“We need both a well-run and adequately-funded system if we want to improve the quality of life and opportunities for all of our residents and our businesses,” said Ball.
He added that “losing over $2.5 million in state funds… to plan and design capital improvements along the U.S. Route 29 corridor between Columbia and Montgomery County isn’t the way we wanted to start this legislative session.”
Pittman said Anne Arundel is attempting to minimize “suburban sprawl” by favoring transit-oriented development. But that can only occur if people who wish to leave their cars at home can do so, he said.
“When we’re talking about state investments, we have to put a stake in the ground,” Pittman told reporters, acknowledging — as others did — that the transit request comes as lawmakers search for a way to fund a multibillion-dollar recommendation for increased spending on education.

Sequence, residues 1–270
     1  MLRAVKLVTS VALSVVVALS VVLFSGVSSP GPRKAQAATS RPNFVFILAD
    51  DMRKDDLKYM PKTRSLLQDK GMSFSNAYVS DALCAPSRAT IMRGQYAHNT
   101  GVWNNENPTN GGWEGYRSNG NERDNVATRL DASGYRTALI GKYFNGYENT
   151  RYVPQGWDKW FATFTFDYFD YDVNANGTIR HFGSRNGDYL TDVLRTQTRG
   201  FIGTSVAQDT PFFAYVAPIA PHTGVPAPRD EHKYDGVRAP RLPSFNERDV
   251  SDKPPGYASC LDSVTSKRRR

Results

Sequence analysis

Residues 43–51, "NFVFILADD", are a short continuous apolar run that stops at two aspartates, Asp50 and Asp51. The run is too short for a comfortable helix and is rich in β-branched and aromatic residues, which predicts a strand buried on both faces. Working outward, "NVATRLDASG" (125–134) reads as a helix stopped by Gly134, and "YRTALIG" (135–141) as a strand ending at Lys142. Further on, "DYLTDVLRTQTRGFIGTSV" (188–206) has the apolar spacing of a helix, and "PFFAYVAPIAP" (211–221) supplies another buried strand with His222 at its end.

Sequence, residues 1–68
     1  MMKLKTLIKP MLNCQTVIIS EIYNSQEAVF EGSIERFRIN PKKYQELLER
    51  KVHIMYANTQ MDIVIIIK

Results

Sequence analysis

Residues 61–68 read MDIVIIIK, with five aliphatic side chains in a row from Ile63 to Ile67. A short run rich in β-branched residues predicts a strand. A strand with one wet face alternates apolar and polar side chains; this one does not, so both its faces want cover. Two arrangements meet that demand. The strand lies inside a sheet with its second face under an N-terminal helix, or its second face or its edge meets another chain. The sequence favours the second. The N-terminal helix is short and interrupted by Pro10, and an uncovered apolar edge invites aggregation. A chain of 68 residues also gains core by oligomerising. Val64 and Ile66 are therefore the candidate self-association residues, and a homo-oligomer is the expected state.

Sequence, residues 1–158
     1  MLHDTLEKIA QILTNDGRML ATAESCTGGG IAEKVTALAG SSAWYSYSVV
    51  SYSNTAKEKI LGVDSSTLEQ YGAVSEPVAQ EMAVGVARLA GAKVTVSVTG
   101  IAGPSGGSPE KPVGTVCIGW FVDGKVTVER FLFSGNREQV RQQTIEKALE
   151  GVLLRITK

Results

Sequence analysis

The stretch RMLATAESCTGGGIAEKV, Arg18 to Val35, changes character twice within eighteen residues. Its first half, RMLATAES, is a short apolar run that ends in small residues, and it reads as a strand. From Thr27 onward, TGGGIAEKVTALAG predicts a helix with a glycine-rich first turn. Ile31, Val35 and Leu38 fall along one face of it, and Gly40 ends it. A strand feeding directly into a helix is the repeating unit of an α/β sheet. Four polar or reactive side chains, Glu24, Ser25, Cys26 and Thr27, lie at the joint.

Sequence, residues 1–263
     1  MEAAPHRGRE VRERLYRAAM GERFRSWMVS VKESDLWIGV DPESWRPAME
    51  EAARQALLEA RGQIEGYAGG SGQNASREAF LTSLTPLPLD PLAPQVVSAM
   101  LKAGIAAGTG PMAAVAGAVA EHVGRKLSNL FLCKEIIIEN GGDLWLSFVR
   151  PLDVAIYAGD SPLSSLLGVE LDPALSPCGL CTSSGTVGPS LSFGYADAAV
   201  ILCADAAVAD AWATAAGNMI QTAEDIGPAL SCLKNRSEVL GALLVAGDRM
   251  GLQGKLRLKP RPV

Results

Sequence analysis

Since becoming governor, Hogan has signed off on plans to build the Purple Line, a light rail system that will connect Montgomery and Prince George’s counties. He helped broker a historic funding agreement for the Washington, D.C., region’s transit system. And he has proposed an ambitious $11 billion project to widen two major highways in the capital region.
He also killed a proposed rail line in Baltimore City that had qualified for nearly $1 billion in federal funds, calling it a “boondoggle.”
“There’s certainly a feeling from our perspective that you see a lot of the major projects occurring in the Washington area,” said Fry, a former state lawmaker from Harford County.
The Zucker/Lierman bills would not grow the state’s Transportation Trust Fund. Instead, they would require MDOT to divert funds from other projects, according to a legislative analysis.
To meet the bill’s mandated appropriations, MDOT would have to redirect between $74 million and $175 million annually over the next five years, a total of $523 million.